Ice Cream in Heaven

I was living in a third floor apartment in a large house on a tree-lined street in Thunder Bay. An elderly couple and their unmarried son, Walter, rattled around the other two floors. They were the last three family members still living in a house once inhabited by a family of twelve children and an assortment of dogs and cats. All of them, including the dogs and cats, were my friends when I was growing up next door.

Darleen, a daughter of the family, who lived in Arizona, came to visit her brother and parents one summer bringing with her two young granddaughters about nine years of age. Their names were Jeanette and Gloria. They were chubby sprites, blue eyed and full of life but bored because their grandmother, Darleen, had no car or no money to take them anywhere and neither did the old folks or their Uncle Walter. I learned the children spent their days in the huge living room with its faded drapes and shabby furniture, colouring on scraps of paper or watching TV.

“I’m going swimming at the indoor pool on Saturday,” I said, “and if they have bathing suits they can come with me.”

In the car, the girls sat in the back conversing together in whispers. “Do you think Satan can come as far north as Thunder Bay?” Gloria whispered to Jeanette.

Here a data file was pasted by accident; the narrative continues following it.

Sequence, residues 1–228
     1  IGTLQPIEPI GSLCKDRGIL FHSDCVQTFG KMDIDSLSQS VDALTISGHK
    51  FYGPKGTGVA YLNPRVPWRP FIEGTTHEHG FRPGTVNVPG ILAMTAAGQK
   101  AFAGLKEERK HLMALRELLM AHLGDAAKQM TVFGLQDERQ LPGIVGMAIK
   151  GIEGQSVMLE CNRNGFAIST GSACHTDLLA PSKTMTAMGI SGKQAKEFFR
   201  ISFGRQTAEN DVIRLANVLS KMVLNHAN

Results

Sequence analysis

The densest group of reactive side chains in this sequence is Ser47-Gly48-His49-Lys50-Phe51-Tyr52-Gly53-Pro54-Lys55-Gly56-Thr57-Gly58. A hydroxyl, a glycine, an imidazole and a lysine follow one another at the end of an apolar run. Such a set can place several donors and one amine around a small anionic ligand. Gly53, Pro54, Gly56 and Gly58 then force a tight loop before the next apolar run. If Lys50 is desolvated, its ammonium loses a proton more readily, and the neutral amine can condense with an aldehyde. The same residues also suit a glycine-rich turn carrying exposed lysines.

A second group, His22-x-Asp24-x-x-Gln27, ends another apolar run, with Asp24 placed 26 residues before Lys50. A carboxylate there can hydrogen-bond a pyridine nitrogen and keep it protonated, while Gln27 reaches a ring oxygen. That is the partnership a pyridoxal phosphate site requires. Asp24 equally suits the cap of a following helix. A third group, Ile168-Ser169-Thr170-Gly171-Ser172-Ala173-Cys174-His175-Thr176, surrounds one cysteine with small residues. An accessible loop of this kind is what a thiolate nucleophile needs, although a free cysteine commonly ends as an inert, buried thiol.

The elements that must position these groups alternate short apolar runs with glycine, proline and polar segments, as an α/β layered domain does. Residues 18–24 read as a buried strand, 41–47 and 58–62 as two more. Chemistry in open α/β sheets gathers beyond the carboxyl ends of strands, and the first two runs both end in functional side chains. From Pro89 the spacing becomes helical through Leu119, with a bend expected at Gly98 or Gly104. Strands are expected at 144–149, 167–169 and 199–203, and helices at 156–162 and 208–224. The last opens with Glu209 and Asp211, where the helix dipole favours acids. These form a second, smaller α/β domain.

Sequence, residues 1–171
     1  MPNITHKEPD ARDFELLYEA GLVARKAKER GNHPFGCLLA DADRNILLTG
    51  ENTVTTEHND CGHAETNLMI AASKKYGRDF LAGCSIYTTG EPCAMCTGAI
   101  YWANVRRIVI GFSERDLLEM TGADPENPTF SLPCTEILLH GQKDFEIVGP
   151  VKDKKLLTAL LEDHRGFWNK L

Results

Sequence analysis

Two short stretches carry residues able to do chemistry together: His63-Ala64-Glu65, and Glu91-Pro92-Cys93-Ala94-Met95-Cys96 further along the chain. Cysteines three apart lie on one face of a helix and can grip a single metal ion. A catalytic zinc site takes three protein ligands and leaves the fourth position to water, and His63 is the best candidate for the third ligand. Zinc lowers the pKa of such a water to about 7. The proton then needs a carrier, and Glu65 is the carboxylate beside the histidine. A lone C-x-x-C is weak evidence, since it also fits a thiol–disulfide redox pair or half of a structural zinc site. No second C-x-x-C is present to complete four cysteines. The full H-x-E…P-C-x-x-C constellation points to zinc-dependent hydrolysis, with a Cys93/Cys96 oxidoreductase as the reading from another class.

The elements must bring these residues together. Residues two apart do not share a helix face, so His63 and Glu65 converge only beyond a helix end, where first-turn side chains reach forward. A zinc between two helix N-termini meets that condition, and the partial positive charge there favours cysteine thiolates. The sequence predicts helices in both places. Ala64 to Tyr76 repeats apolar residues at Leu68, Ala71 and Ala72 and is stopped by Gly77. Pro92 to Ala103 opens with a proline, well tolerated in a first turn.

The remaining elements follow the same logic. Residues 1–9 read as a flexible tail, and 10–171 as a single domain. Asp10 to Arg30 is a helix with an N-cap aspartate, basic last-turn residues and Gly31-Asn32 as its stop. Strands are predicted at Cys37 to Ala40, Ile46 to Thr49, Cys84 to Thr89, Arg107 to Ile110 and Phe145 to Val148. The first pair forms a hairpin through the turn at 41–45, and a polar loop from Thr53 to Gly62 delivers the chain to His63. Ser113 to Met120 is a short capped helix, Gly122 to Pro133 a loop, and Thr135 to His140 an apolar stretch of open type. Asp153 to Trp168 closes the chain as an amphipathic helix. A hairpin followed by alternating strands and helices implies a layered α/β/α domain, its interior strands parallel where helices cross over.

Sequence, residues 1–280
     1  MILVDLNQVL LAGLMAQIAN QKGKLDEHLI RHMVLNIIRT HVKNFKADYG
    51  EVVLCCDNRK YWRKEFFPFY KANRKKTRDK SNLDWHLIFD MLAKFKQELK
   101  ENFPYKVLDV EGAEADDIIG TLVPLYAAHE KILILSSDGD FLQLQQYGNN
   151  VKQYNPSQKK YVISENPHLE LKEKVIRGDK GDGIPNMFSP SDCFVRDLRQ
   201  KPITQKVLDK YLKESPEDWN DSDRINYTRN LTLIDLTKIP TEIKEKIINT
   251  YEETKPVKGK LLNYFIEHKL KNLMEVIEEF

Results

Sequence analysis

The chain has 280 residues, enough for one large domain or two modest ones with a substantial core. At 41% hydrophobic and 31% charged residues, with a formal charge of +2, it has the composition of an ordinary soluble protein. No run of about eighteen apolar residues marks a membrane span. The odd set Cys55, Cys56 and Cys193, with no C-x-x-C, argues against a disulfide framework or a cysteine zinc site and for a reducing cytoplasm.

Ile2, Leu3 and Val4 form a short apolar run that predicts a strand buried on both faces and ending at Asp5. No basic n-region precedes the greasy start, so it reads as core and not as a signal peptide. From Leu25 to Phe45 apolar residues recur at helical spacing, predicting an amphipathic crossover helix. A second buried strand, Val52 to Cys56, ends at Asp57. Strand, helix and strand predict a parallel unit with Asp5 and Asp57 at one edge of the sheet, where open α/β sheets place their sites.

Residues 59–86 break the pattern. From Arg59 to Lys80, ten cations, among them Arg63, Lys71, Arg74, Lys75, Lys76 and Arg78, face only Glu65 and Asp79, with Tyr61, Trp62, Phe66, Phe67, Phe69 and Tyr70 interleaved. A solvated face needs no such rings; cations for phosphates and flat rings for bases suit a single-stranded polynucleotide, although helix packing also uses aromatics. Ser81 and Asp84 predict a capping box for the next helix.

“Satan can fly anywhere,” Jeanette said. “He’s invidious.”

The misused word made me smile but Gloria’s reply was a shock.

“Sometimes he tricks us,” Gloria said. “That’s why our parents whip us. To defeat Satan.”

“Everyone gets whipped sometime,” answered Jeanette, “but not too often we hope, don’t we?” And to my surprise, they giggled.

The bathing suits were ill fitting and Gloria’s, made of stretchy blue wool, had a few small holes here and there, as if nibbled by moths. It turned out neither of the girls could swim but they paddled in the small pool and leaned back into the hot tub, obviously pleased. Afterwards, we stopped for ice cream cones.

When I brought them home, I said, “Come upstairs and visit me sometime.”

Their faces lit up. “Maybe after church tomorrow, ok?” Jeanette said.

The next day, I heard them whispering on the landing outside my door and I opened it to find them turning away down the stairs.

“No, no. Don’t go,” I called. “You’re welcome to pay a visit.”

I planned to take them for a walk but it was raining so hard that I suggested they might like to look at my costume books. At that time, I was teaching Women’s History and had a selection of hard covers about costumes of the past, as well as some old-fashioned cutout books and colouring books. Their eyes lit up when they saw my stand-up box of one hundred pencil crayons plus my electric pencil sharpener on the wall. After much whispered debate, they chose a colouring book called Great Women in History and, picking facing pages, Jeanette tackled Cleopatra while Gloria took on Queen Elizabeth the First.